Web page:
Japan was once the third-largest operator of nuclear power facilities in the world, but that came to a sudden end with the largest earthquake to ever hit the country on March 11th, 2011, which caused a massive tsunami that led to the meltdown of the Fukushima Daiichi nuclear power plant, and then to the closure of all 54 of the country’s nuclear plants. In the decade hence, Japan has struggled to plot a new course to get its energy, see-sawing between attempts to restart the plants and relying more on coal and natural gas, while at the same time trying to improve efficiency, conserve energy, and find ways to reduce its emissions to help meet its decarbonization targets under the Paris climate agreement.

Now, the country’s leadership is taking bold steps toward building more renewables and seeking to cut back on its use of fossil fuels, while just a handful of its nuclear plants have been restarted and the future of the rest is very much in contention. It’s a confusing political landscape, and one of the most challenging cases in the world for energy transition, but it also could prove to be one of the most cutting-edge leaders, especially if it can exploit its offshore potential for renewables.

In this episode, Bloomberg reporter Stephen Stapczynski, who has reported on Japan’s energy sector for years, paints for us a coherent picture of Japan’s nuclear past, where it stands now, and how it will obtain its energy in the future.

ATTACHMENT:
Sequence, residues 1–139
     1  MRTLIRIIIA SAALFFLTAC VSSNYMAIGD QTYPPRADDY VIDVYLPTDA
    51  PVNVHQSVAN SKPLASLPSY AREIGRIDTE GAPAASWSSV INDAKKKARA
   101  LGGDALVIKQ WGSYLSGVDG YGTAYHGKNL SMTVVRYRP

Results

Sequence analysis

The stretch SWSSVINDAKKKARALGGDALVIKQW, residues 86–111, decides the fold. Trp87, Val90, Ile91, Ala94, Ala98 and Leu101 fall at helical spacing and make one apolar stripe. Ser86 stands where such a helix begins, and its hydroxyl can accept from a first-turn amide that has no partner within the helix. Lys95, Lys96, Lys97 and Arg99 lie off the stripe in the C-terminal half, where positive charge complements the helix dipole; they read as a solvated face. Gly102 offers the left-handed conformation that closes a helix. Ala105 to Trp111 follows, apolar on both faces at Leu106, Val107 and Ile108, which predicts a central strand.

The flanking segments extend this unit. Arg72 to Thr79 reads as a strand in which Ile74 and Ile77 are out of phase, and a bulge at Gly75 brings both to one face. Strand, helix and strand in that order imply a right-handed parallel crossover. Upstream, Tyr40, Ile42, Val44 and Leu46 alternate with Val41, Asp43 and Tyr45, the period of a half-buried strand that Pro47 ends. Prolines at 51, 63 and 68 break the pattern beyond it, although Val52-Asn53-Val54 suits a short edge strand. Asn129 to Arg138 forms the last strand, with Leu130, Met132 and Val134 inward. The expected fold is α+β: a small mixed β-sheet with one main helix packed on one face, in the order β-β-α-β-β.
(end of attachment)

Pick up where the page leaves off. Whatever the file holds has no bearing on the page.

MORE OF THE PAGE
Geek rating: 2

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[Episode #153] – Grid-forming Inverters

This one is for the power geeks!

As the energy transition proceeds, and grids have to accommodate more and more inverter-based generators like wind and solar systems, how will grid operators maintain system inertia? For that matter…what if we start operating grids without inertia?

One way to manage it is through “grid-forming inverters,” which can generate the necessary signals for conventional grid-following inverters and thus mimic the operation of synchronous generators.